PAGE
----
| Aishwarya Rai on the beach at this year’s Cannes film festival
Panaji, June 1: Goa could see visitors get another reason to stop by with the government confident that the state could stage a smaller version of the Cannes international film festival.
A Goan delegation which recently returned from the film festival on the French coast says it is confident “we can do it”.
The Centre is thought to be seriously considering shifting its international film festival from Delhi to Goa, possibly by 2004. “A formal decision is expected in the second week of June,” an official source said.
Egged on by the Confederation of Indian Industry, which was among the first backers of the idea, Goa feels it could do a good job of staging the film festival. This is despite the lack of large auditoriums, adequate transport and related infrastructure needed for such a festival.
“To begin with, we would need a 1,000-1,500 seater hall and others that can seat 500 or 250. But there have also been suggestions of open screenings on beaches, as done in festivals like Nogarno (Japan) where huge hangers with mounted screens are set up,” the source said.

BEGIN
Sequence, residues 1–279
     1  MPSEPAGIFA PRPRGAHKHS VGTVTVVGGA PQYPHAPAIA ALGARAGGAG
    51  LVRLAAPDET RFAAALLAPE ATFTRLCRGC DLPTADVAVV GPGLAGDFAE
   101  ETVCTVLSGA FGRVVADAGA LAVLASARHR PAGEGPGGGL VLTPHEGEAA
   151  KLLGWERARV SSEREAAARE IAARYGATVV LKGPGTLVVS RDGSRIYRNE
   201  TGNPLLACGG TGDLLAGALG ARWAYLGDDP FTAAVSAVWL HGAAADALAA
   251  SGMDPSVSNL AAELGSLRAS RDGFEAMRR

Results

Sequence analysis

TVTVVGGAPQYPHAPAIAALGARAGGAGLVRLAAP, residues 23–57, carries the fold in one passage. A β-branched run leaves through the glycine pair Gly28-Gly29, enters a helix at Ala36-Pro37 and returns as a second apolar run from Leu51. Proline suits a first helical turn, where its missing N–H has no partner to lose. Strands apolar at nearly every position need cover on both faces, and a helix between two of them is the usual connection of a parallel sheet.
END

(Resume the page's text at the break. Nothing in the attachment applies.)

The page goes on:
Last fortnight, a three-member team of health minister Suresh Amonkar (in his capacity as the chief minister’s representative), information secretary Jayashree Raghuraman and director, information, Rajesh Singh went to Cannes.
Goa had a pavillion there, making it, perhaps, the first Indian state to show its direct interest in the festival. Little thought had been given to staging an international festival in Goa until Delhi spoke about the possibility of doing a Cannes in Goa.
Among others to register their presence at Cannes were giant Indian private players like Ramoji Films (US), the Hindujas’ films network, one of the largest distributors of Indian films globally, and Eros International.
Even if it can’t do things on the level of Cannes, Goa believes it can manage a smaller version of international festivals staged in Cannes, Berlin, Moscow, Nogarno, Pusan (South Korea) and Milan.
Chief minister Manohar Parrikar has committed state funding up to Rs 80 crore if nobody else comes up with a proposal from the private sector.
Critics point to the lack of film-viewing culture in Goa. But others counter that the state has the right ambience and that Goa is a brand name recognised internationally.
Journalist Francis Dias, an expat Goan who has been covering film festivals for two decades, says the state has the potential to become a location for film shooting and an international film festival. But he adds that it does not make sense to “kid ourselves as to the cost of hosting the latter”.
However, officials here are upbeat that even if Goa “starts from scratch”, it could build up a global presence in a decade-and-half. Cannes has offered to act as a consultant for Goa at a cost.